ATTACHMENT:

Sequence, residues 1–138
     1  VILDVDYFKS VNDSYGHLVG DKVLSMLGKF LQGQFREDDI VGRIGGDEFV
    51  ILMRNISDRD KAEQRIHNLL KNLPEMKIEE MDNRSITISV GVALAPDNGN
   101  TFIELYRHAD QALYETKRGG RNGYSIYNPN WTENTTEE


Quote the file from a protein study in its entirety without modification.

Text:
Sequence, residues 1–138
     1  VILDVDYFKS VNDSYGHLVG DKVLSMLGKF LQGQFREDDI VGRIGGDEFV
    51  ILMRNISDRD KAEQRIHNLL KNLPEMKIEE MDNRSITISV GVALAPDNGN
   101  TFIELYRHAD QALYETKRGG RNGYSIYNPN WTENTTEE